Thursday, November 12, 2009

Pile in

Bonds that invest in rising house prices

Abbey and Britannia Building Society have launched new bonds, offering 50% of the growth in the Halifax house price index over the next five years. Investors have until Saturday to invest in the Guaranteed Growth Plan Issue 26 from Abbey, which offers 50% growth in the index over five years or a guaranteed minimum payment of 11%, whichever is larger. The Britannia product is available until 24 November and offers 50% growth in the index or a 10% payment over five years.

Posted by little professor @ 02:14 PM (1471 views)
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13 thoughts on “Pile in

  • 11% guaranteed over 5.5 years == 1.9% p.a.
    or 0.5 * house price rate if greater…
    sounds like a great way for Abbey et al to hedge their exposure to housing.

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  • mark wadsworth says:

    What 666 says. If prices go up, banks can heave sigh of relief and have to write off less of the mortgages they have made. If prices go down, banks can heave sigh of relief as they can get away with paying 2% a year simple interest (10% divided by 5 years).

    This was one of the wizard wheezed dreamed up by Arc Capital & Income plc, who are now in adminstration and under investigation from FSA (horse, bolts, stable doors etc).

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  • These structured bonds are always a bad idea. Similar ones exist for the stockmarket (e.g. 20% of FTSE rise, or your money back). The catch is mainly that they exclude dividends.

    This bond looks like a lose-lose-lose. If house prices go up, you’re left behind (by 50%). If house prices fall, you get a measly 1.9% p.a. return. If house prices plummet for 3 years then rise for 2 years, ending up back where they were, then you’ve missed your chance to buy because your cash was locked up for 5 years.

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  • stillthinking says:

    This is self-defeating. The people who pile into property see gains because of their collective piling into property, if they just buy these bonds instead then there won’t be the same effect on prices. The more popular these bonds become the less they will pay out.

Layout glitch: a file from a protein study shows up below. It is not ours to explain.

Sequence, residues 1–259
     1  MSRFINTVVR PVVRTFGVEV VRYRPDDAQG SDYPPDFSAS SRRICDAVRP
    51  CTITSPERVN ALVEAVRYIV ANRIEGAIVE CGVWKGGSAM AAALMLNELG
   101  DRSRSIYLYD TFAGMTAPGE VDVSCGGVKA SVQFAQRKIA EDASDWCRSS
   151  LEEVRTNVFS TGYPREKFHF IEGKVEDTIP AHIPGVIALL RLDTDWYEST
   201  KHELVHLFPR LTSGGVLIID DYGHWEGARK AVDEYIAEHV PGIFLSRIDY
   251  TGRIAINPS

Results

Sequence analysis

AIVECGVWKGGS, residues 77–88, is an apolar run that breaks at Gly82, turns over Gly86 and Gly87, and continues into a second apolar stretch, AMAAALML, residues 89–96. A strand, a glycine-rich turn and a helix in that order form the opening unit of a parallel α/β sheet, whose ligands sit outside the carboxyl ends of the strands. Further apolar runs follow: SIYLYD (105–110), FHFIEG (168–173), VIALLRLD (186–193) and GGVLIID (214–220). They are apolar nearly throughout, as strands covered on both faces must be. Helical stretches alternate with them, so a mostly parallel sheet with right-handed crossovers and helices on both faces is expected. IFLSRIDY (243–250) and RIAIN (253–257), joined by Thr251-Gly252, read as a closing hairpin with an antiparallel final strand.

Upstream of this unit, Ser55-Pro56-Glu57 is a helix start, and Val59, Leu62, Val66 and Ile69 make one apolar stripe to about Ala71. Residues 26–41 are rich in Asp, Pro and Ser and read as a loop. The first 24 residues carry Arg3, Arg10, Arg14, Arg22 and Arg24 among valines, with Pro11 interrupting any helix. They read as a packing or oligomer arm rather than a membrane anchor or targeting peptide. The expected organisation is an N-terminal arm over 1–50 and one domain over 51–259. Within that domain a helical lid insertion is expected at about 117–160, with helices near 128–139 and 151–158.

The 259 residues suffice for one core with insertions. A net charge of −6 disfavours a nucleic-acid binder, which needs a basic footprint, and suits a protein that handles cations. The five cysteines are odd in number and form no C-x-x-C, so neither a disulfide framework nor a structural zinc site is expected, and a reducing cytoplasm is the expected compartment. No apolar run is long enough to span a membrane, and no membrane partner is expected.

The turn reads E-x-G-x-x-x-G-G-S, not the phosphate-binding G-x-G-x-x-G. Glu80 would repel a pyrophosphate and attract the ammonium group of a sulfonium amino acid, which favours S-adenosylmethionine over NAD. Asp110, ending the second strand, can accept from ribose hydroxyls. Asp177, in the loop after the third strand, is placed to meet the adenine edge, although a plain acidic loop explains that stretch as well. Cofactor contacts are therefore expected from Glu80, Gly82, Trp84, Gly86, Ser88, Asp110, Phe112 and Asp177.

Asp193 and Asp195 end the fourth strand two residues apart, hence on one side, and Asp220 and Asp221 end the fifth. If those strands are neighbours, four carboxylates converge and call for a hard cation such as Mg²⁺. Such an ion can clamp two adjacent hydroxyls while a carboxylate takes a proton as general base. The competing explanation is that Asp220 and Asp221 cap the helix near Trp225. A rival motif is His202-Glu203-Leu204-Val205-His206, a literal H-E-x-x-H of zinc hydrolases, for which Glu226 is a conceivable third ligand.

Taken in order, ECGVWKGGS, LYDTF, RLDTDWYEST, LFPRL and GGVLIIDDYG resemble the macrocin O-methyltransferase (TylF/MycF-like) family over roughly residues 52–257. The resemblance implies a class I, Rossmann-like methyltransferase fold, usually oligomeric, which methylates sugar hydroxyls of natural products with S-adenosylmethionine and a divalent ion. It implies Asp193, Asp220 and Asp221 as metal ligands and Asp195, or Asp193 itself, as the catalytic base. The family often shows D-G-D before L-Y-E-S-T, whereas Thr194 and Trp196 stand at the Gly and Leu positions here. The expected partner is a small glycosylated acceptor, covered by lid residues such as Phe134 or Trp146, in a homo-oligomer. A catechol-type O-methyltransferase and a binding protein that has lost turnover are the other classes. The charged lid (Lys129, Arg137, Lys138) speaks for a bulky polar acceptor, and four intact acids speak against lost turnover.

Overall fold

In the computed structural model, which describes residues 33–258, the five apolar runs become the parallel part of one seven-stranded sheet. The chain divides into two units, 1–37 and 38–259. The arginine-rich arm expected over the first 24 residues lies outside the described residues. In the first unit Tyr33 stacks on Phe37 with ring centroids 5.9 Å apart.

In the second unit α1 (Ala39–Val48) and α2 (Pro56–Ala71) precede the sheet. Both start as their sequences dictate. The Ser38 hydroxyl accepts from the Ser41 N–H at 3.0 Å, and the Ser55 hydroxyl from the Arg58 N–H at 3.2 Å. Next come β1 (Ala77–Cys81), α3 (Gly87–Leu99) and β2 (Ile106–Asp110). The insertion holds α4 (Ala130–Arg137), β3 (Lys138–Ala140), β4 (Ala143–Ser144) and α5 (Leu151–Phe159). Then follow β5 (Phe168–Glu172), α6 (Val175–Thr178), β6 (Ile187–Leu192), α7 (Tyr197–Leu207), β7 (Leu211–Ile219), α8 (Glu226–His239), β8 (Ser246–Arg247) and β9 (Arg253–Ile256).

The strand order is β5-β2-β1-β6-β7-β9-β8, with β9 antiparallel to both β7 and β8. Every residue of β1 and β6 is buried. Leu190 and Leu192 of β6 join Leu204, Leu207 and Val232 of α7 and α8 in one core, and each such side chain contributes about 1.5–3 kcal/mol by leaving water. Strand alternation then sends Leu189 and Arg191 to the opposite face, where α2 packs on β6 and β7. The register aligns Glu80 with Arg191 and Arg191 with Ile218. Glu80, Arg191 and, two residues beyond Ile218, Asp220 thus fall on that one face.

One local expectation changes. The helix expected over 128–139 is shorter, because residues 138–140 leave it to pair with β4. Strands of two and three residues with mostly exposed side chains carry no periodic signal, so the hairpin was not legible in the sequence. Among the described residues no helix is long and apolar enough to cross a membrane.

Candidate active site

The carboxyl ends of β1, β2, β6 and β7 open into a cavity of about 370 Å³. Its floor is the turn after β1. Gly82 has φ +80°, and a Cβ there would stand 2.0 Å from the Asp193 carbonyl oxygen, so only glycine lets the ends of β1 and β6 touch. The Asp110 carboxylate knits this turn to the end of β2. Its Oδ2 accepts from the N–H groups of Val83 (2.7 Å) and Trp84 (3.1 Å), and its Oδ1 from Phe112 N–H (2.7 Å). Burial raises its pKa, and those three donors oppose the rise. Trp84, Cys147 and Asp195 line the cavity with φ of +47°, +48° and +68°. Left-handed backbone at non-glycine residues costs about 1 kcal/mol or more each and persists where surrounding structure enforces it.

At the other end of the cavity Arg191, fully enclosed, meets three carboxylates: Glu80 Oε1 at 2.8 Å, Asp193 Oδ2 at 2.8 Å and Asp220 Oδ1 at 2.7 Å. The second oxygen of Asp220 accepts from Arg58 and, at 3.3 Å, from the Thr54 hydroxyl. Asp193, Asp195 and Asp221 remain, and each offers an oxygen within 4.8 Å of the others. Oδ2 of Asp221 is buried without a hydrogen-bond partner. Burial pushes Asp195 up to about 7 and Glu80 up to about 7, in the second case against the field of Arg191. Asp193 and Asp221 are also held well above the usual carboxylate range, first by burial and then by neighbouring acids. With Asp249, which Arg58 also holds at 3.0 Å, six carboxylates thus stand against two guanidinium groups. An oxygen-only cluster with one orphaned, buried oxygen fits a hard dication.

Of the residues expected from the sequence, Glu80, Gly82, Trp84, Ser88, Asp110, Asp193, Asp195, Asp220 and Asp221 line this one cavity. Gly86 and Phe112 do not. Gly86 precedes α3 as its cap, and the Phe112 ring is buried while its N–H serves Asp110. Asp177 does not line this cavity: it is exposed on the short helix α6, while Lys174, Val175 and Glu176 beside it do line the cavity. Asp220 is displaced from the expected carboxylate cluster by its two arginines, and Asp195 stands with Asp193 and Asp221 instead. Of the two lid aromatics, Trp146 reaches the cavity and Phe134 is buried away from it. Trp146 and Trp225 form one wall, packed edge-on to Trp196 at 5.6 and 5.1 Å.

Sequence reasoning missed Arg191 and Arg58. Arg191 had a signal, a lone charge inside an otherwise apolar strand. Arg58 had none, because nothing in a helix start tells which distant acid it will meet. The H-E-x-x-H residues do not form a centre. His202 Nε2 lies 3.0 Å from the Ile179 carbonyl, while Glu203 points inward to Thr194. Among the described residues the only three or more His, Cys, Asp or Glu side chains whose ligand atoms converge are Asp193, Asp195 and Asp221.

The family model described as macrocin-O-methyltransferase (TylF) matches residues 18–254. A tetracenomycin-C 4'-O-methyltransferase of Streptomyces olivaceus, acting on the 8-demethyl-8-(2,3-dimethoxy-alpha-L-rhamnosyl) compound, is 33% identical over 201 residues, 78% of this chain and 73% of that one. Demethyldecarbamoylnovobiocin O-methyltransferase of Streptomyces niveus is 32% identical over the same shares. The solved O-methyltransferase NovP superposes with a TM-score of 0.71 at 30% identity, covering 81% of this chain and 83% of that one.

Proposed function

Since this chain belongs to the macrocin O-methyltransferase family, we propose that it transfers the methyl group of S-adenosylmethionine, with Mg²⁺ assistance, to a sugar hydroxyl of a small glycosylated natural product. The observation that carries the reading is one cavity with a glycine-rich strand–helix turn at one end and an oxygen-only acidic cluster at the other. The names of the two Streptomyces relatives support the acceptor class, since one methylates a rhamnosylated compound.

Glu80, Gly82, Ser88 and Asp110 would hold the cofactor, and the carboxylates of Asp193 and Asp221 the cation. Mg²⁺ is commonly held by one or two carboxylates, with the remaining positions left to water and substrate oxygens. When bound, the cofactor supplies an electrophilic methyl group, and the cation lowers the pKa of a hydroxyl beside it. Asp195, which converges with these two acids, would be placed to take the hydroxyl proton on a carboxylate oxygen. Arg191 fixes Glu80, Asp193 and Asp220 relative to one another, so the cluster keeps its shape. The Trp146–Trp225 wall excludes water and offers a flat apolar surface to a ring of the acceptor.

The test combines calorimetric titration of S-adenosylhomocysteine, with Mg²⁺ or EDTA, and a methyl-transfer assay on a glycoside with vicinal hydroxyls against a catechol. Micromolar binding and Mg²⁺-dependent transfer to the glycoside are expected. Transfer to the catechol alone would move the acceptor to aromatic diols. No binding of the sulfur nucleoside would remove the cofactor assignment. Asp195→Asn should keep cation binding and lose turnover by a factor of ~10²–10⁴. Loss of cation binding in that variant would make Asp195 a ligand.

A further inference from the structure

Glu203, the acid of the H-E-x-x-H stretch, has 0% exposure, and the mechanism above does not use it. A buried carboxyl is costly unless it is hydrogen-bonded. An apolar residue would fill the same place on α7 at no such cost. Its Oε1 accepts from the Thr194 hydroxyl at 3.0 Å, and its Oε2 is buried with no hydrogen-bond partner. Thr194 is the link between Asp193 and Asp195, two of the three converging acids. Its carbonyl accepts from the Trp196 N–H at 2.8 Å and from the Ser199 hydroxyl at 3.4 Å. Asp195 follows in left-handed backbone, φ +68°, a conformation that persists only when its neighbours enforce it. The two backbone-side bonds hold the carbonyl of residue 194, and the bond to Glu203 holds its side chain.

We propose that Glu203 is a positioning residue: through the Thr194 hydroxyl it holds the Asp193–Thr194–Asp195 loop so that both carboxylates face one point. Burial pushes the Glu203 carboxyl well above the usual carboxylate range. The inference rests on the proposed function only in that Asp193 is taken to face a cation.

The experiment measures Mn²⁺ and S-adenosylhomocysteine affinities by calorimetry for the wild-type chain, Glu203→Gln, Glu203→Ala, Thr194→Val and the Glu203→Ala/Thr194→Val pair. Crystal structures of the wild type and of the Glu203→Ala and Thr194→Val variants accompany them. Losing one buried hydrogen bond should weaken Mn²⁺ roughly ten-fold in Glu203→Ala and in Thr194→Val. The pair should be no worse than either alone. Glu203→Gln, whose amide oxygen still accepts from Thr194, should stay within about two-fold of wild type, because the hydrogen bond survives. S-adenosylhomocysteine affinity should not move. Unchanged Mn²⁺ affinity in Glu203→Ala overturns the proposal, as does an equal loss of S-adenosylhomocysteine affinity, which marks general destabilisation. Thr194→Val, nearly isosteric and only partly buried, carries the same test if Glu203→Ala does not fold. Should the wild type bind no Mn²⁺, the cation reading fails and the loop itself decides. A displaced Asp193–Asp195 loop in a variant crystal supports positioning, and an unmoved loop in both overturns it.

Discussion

Really, this is a great idea and might reduce the amount the taxpayer has to cough up and also reduce house prices by sucking up cash otherwise directed at property.

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  • What ever happends, the holder is on the wrong side of this transaction. No suprise there then. I’m sticking (no pun inended)
    to old Empire stamps. That index has gone balistic, and it’s a great inflation hedge too. They weigh a lot less than gold bars.

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  • Another great service to customers of UK banks.
    Well and truly serviced

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  • The majority of investors opting for this type of scheme will likely be retired or 50+ with cash on deposit and disappointed with the current interest rates. They will often be homeowners and will seek capital security. As drewster points out there is a feast of structured product on the market linked to various indices – this is nothing new and indeed I saw some people do very well from a Newcastle BS tranche launched several years back.

    3 things strike me

    (1) Railroading by Bank advisers
    (2) Little prospect of any real upside
    (3) Counterparty risk

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  • You guys made short work of that. Love it

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  • jack c,

    What happened with that Newcastle BS tranche? Which index was it linked to?

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  • 50% is the killer.
    I’ve had Newcastle type scheme before and made a mint, 2002 – 2007 mind you

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  • drewster – The tranche I’m referring to simply tracked the Halifax house price index and matured about 2 years ago – £10k in came out at about £17k (net for basic rate Tax payer) – so lots of people were more than happy. I cant personally see past returns being repeated as I do not expect the index to surge ahead as it has in the past (infact I expect it to turn negative again – particularly once we hit mid 2010)

    Hope this helps

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  • fallingbuzzard says:

    That sounds like a Heads I win, tails you lose deal for Abbey

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  • general congreve says:

    Doomwatch @5: Great idea, one word of caution though, flammable.

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